They paid a high price to perform this service. Malaria was rampant, killing many and making others almost useless to perform manual work. Dysentery and typhoid fever were common, and more of the babies and youngsters died than survived. “Ague” was the name used to cover many an illness. Drinking water came from the same ditches that cattle rummaged in. Each morning between 6 am and 7 am water was dipped from the irrigation ditches for use in their homes. It was known as “dip” water. Food was scarce; they called it “the starving times.” Workers were malnourished and could hardly work a full day. In the midst of all this, men and boys dug ditches and canals. They pushed themselves to create dams so that the precious water could find its way to the fields they planted. “Surely,” they pleaded in their hearts, “our efforts will be blessed.”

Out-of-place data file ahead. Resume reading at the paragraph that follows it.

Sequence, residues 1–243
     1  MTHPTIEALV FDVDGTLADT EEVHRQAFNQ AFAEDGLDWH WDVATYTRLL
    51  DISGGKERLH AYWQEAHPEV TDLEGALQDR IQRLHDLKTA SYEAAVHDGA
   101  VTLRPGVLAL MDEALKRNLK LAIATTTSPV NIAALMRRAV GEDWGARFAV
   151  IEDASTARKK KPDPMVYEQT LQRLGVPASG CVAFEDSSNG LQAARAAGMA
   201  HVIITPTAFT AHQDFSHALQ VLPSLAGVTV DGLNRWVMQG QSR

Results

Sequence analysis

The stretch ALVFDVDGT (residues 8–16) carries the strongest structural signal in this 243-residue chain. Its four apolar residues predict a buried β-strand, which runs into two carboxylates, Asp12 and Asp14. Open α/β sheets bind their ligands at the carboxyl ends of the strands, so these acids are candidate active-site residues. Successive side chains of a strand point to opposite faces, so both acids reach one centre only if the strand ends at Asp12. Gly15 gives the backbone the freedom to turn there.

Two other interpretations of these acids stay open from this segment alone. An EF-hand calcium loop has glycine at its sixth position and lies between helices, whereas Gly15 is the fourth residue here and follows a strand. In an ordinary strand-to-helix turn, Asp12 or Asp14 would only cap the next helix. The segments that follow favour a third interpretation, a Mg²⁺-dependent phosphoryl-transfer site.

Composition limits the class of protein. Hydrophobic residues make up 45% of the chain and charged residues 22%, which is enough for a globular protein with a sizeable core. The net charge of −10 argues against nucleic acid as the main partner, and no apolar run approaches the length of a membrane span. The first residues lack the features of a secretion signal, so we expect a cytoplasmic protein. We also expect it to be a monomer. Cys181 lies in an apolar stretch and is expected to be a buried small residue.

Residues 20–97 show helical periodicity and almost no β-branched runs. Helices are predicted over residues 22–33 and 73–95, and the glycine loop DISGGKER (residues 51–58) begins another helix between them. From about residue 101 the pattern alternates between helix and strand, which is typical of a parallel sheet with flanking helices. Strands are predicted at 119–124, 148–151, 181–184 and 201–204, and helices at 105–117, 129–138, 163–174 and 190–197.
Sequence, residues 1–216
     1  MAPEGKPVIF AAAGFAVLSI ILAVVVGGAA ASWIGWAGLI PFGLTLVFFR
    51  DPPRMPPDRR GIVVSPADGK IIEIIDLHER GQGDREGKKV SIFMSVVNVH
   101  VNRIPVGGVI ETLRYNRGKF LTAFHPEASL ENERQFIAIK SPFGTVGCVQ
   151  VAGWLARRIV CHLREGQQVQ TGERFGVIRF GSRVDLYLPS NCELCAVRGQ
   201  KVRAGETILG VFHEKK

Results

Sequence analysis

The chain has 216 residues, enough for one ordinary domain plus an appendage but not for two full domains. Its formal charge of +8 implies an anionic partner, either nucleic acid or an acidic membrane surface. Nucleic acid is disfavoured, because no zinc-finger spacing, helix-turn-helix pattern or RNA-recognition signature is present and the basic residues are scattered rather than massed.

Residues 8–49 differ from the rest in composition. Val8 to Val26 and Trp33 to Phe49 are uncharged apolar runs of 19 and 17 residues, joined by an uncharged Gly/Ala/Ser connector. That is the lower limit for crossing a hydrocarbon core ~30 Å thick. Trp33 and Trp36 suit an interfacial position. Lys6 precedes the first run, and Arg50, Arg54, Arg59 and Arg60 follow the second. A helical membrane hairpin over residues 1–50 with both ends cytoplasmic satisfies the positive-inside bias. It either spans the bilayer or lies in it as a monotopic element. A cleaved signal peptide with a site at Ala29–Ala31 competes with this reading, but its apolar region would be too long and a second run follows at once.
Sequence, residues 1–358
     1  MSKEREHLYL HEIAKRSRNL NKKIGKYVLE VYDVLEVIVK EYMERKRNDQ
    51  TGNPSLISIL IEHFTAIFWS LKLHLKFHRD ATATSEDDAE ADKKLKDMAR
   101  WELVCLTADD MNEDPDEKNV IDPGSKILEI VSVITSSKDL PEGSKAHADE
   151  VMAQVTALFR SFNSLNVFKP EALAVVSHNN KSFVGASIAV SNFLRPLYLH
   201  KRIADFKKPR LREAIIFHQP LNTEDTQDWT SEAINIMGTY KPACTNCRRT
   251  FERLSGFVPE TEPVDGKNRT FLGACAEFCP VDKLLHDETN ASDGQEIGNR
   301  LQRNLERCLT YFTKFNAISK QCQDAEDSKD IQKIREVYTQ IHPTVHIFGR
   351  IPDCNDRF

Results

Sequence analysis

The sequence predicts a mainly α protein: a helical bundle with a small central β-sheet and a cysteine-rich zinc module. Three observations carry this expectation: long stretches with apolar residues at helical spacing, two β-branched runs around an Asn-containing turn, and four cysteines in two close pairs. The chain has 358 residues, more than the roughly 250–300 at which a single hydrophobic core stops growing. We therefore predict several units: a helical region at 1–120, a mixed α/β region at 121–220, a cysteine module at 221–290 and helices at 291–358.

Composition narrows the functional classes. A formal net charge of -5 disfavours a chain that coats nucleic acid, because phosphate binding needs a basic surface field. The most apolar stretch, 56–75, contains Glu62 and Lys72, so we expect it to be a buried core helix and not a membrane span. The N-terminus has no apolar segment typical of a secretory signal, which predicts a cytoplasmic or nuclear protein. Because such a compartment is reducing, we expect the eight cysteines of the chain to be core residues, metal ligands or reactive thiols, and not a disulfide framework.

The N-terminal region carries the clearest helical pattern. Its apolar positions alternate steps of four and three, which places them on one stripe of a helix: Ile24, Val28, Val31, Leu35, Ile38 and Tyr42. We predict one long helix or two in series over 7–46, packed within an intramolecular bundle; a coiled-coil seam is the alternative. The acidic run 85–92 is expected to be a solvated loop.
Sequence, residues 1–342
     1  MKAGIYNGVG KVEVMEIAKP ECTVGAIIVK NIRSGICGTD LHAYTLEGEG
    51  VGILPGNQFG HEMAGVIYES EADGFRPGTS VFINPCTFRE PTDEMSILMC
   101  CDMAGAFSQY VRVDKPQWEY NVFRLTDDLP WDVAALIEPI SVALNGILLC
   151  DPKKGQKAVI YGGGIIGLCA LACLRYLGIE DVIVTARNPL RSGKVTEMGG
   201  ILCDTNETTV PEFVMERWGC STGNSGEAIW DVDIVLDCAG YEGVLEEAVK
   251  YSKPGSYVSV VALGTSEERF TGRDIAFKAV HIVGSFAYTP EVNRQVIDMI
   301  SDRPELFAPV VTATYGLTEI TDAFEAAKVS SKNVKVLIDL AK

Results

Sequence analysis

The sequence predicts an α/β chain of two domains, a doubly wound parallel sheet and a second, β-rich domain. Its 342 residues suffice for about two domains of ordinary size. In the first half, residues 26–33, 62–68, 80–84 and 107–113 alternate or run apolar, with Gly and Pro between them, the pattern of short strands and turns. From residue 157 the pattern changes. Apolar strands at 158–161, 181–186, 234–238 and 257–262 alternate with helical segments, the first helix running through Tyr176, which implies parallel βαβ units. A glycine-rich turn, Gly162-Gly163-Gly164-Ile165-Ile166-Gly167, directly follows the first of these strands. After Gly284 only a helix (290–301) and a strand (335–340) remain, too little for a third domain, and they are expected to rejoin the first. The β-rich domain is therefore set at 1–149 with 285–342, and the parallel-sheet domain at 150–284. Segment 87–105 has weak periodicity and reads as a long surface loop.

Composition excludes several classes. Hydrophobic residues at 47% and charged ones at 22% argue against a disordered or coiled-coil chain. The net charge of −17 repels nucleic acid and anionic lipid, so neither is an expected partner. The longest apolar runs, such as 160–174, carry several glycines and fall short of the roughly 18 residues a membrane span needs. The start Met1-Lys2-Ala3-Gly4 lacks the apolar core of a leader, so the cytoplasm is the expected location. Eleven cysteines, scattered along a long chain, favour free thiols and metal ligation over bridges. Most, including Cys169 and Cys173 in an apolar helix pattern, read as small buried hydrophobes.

Today, Washington City is a thriving city, and with the influx of retired people who have discovered it to be a very attractive and warm place to spend winters, the city has increased in size. It is one of the cities of Southern Utah that has exploded with new population growth in the past decade. Amenities have kept up with the growth. The City has a very challenging professional golf course that draws players from all over the West because of its design and difficulty. There are two beautiful parks in the city, one recently finished, for the use of its citizens. Other parks are on the drawing boards to insure the citizenry there will be adequate parks for families to enjoy.